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Protesters Introduce ‘Freda Fairness’ At Annual KFB Ham Breakfast

Lisa Gillespie, WFPL

  As they have for several years, protesters gathered outside the Kentucky Farm Bureau’s Annual Ham Breakfast Thursday morning at the state fair.

  Two years ago, three people were arrested during the event. There were no arrests this year, and this time, protesters brought with them a special guest: “Freda,” an eight-foot-tall puppet.

“As someone who grew up here, I remember seeing ‘Freddy Farm Bureau’ at the fair every year,” said Michael Aldridge, executive director of the Kentucky ACLU. “So we thought we’d make a puppet that shows Freddy’s cousin, ‘Freda,’ and show her difference of opinion.”

This marks the sixth year that Kentucky ACLU, the Fairness Campaign and other groups have stood outside the annual ham breakfast in protest of the Kentucky Farm Bureau’s lobbying policies.

Most people may just think of insurance when that name comes up. But according to Aldridge and other protesters,“They’re anti-LGBT, they’re anti-union, they’re anti-choice, and we think more should know what those policies are, and when they get an insurance policy through Kentucky Farm Bureau that they’re supporting those types of decisions.”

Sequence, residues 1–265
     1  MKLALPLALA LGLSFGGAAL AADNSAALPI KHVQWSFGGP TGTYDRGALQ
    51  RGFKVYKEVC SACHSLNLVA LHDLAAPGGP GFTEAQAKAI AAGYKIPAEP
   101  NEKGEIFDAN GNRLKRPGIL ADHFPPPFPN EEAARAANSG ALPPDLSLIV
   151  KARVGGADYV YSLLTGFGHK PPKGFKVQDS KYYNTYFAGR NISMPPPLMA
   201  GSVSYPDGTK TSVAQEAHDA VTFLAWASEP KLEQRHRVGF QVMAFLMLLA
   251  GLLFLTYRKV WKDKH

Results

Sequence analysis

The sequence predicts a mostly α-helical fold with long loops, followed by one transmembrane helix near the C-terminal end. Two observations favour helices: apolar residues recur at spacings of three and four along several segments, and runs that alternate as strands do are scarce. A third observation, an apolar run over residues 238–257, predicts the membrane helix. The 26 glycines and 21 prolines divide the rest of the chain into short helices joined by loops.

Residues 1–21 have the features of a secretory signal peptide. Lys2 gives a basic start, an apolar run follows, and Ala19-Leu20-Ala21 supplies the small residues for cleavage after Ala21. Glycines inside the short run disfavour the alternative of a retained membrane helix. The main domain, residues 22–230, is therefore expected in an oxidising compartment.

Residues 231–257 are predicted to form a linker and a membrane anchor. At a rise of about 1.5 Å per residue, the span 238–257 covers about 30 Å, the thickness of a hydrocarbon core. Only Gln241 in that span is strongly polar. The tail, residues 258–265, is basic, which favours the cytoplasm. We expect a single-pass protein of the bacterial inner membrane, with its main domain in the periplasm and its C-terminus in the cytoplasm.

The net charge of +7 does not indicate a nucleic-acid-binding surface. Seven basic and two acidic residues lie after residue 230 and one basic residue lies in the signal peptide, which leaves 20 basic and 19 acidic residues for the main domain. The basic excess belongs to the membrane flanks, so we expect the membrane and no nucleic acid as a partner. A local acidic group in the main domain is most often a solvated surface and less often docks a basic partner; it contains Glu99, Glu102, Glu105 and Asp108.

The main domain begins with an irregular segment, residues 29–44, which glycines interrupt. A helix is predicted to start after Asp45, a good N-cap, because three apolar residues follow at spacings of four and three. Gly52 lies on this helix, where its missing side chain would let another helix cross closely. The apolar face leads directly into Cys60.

Kentucky Farm Bureau did not immediately respond to request for comment on this story.

KFB has a lobbying arm, and a portion of fees paid to the bureau goes toward those lobbying efforts. The organization has defended its position on various issues, including those relating to the LGBTQ community. During a speech at last year’s breakfast, President Mark Haney said KFB “does not discriminate.”

Aldridge hoped having Freda at the event would help the protesters spread the word.

As the last stragglers entered the building to get their ham breakfast Thursday morning, Freda followed. And although she had a ticket, Freda wasn’t allowed into the hall where Gov. Matt Bevin, Senator Mitch McConnell and others spoke to breakfast attendees.

Lisa Gillespie is WFPL's Health and Innovation Reporter. Most recently, she was a reporter for Kaiser Health News. During her career, Gillespie has covered all things health — from Medicaid and Medicare payment policy and rural hospital closures to science funding and the dietary supplement market.
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